... at least, not for me. The bottleneck is something like mental energy. I can only make progress on a (subjectively) difficult topic for a handful of hours (at best) each day before hitting severe diminishing returns, and being forced to "relax" for the rest of the day. 

In light of the above, the obvious thing to optimize for the sake of "making progress on difficult things" is the amount of "mental energy available per day", not "waking hours available per day". Sleep seems to serve the function of "restoring mental energy"; but I get diminishing returns on sleeping longer (in a single block) as well; for me, there doesn't seem to be a big difference in "available mental energy" during a day whether I'd slept 6 hours or 9 hours.

So, since I'm getting diminishing returns on both my waking and sleeping hours, the obvious thing to try is to split the day up into multiple "sub days", i.e. some form of polyphasic sleep. Ideally, I'd like to spend a larger total fraction of the day asleep; this contrasts things like "the Uberman's sleep schedule", where the goal is to have as much waking time as possible (which, through this lens, is pure folly).

Have any of you (or anyone you know) had any success with something like this?

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There is a book "Daily Rituals" by Mason Currey which looks at the practices of various high achievers. Few were able to achieve much more than 4 hours a day of sustained high calibre intellectual work*. This suggests to me that going much past this is difficult as you would think others who could work harder would do so and win.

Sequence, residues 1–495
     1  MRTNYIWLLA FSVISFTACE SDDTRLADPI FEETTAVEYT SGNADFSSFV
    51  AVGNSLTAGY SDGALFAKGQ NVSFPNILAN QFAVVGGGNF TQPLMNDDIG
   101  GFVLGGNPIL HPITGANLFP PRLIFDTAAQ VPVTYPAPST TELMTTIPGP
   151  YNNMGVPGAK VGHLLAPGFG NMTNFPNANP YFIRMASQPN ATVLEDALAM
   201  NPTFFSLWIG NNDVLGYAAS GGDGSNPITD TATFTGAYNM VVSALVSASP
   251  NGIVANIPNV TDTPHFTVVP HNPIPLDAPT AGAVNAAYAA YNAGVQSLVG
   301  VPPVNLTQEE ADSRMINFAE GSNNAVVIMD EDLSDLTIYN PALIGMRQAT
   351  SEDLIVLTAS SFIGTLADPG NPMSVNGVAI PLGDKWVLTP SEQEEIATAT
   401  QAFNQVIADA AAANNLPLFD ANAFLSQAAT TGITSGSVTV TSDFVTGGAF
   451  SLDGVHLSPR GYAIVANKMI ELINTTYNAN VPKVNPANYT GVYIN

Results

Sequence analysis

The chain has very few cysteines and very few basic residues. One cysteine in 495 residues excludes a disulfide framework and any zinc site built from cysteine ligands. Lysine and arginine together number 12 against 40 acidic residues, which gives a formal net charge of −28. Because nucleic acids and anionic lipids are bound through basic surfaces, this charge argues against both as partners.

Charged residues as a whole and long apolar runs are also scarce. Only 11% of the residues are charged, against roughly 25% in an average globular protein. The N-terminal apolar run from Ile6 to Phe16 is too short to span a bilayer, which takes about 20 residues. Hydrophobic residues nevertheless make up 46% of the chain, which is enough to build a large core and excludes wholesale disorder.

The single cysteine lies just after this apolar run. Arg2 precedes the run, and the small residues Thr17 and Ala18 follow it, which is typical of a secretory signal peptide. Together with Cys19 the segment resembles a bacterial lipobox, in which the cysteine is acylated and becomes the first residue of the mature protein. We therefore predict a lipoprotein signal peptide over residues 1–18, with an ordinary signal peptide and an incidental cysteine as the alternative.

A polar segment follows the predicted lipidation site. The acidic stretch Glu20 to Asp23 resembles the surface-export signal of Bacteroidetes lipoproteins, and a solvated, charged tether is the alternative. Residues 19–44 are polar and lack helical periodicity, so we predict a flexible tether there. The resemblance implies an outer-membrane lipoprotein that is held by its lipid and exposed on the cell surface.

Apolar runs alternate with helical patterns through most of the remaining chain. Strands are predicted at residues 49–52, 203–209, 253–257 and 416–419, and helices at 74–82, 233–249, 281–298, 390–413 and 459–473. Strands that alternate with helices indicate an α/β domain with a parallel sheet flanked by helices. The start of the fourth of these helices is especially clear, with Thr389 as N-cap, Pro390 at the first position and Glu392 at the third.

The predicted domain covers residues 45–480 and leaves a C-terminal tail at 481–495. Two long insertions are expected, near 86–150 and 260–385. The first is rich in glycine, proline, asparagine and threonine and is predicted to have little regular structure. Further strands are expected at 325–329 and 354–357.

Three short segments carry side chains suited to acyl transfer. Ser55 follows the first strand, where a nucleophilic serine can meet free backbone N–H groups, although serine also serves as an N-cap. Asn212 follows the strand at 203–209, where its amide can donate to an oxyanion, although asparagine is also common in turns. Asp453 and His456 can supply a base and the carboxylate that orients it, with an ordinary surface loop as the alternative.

A typical day would look like this

1. Hard work in the morning for 4-5 hours with coffee or breakfast. 
2. Lunch then take care of business. 
3. Relax in the evening.

A nap at lunchtime can help you to eke out another hour or so (as in thar study of violinists who made it to become concert solists - which I can't find right now). Personally I now see sleep not as wasted time but as a useful practice that helps me to learn and to exercise hard or to deal with emotionally challenging situations from the present or the past.

I think people should focus on getting in the 4 hours a day, which is hard enough. If you do that in a goal directed fashion you are likely to be awesome. And the good news is that you can also manage your life and enjoy yourself.